Central and Eastern Europe, International Journalism and PR

Democratic elections under triple restrictions: Covid-19 threat, unresolved conflict and international isolation

Opinion article sent in by Mr. Artak Beglaryan- Ombudsman of Nagorno-Karabakh, member of European Ombudsman Institute.

On March 31, 2020, presidential and parliamentary general elections were held in the Republic of Artsakh (Nagorno-Karabakh Republic). It was the first time in the country’s history that the people of Artsakh elected the President and the National Assembly on the same day, and for that reason too, the voters’ turnout was quite high – 72.7%.

Life under unusual restrictions

Though these elections took place in a small country, they should interest the international community for several reasons. 

First, regardless of the Covid-19 pandemic worldwide and in the region, the elections were held without an outbreak of Covid-19. The first coronavirus case in Artsakh was recorded on April 7, followed by declaring emergency situation on April 12. The elections on March 31 and April 14 were organized with some preventive measures – each voter was provided with a protective mask, gloves and individual pen and kept social distancing at polling stations.

Second, Artsakh has an unresolved conflict with Azerbaijan with a relative ceasefire regime accompanied by regular violations, casualties and threats of using force by Azerbaijan. Since the first day of annexation by Soviet Azerbaijan in 1921 and movement in 1988, the indigenous Armenian population of Nagorno-Karabakh claimed to exercise their right to self-determination; they were subjected to genocidal acts and a large-scale war by Azerbaijan. 1991-1994 war took tens of thousands of lives and hundreds of thousands of refugees from both sides. Despite the ceasefire agreement signed in 1994 among Artsakh, Azerbaijan and Armenia, Azerbaijan has continued its periodic violations. The most extensive breach occurred in April of 2016 when Azerbaijan massively attacked the Artsakh defensive positions and settlements with tanks, military helicopters, heavy artillery, rocket launchers, unmanned combat aerial vehicles and other deadly weapons. The Azerbaijani military forces targeted the peaceful population and civilian objects, including schools and kindergartens. Almost all Artsakh civilians and combatants, who ended in the hands of the Azerbaijani armed forces, were tortured, executed or mutilated with ISIS style.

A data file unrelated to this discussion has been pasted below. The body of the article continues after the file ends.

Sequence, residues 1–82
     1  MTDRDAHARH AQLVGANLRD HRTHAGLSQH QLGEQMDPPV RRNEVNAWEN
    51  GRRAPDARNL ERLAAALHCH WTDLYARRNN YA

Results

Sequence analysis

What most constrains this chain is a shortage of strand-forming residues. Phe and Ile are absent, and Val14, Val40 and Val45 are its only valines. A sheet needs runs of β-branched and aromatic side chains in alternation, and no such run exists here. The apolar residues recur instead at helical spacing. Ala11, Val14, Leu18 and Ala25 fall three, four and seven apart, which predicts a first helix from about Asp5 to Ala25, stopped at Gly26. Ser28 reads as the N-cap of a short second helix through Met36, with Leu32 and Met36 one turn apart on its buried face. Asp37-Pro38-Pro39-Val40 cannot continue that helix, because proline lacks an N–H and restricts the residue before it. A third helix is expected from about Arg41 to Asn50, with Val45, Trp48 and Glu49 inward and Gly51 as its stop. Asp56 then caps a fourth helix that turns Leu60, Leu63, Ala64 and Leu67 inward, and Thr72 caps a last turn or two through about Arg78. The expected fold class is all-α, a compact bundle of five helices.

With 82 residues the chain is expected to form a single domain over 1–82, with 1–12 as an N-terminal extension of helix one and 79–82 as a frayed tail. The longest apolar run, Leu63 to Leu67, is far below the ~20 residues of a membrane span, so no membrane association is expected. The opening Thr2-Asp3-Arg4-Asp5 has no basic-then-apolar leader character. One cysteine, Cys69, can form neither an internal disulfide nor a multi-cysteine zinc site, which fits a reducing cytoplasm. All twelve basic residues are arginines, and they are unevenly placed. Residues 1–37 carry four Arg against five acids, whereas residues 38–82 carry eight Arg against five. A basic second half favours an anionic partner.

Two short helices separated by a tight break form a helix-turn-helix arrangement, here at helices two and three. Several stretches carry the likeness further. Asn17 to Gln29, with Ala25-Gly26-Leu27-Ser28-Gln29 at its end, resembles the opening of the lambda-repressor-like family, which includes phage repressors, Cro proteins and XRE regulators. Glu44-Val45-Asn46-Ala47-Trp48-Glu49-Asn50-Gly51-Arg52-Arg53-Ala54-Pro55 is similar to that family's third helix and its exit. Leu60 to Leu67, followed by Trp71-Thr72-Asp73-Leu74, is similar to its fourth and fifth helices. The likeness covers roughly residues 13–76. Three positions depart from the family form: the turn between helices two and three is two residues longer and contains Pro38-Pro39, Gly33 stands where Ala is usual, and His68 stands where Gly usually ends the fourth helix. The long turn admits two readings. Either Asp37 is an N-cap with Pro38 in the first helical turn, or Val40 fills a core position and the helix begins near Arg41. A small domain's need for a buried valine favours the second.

Those and other violations are derived mostly from the anti-Armenian hatred and the Armenophobic state policy in Azerbaijan, which includes dehumanization of Armenians, encouragement and glorification of killing of Armenians, denying any foreign citizen with Armenian surname the entry to Azerbaijan, even persecuting football fans for wearing T-shirts with the name of Arsenal football player of Armenian origin Henrikh Mkhitaryan. For all its domestic and international failures the Azerbaijani leadership blames the Armenian nation worldwide – “number 1 enemy” of Azerbaijan as declared by President Ilham Aliyev. This decades-long policy of Armenophobia is enriched with a huge number of notorious examples, like the Safarov’s case. In brief, in 2004, during the NATO-sponsored English-language training programme in Budapest, the Azerbaijani officer Ramil Safarov axed the Armenian officer Gurgen Margaryan in his sleep. The murderer was sentenced to life imprisonment in Hungary, but in 2012 was extradited to Azerbaijan and immediately pardoned by President Aliyev and extensively greeted as a hero by various officials and public figures. Just recently, on May 26, the European Court of Human Rights made a ruling recognizing Safarov’s pardon and glorification by Azerbaijan as violation of the fundamental rights enshrined in Article 2 (the Right to Life) and Article 14 (Prohibition of Discrimination) of the European Convention on Human Rights.

In such terms, the Artsakh people live under constant threats to their life and security, while they continue efforts for state building and economic development.

Third, despite the universality of human rights, the Republic of Artsakh is isolated from the international community and resources. Thus, the people of Artsakh cannot take part in international and foreign programs in different spheres, the Government and civil society don’t get any international assistance for human rights protection, good governance, capacity building and other reforms.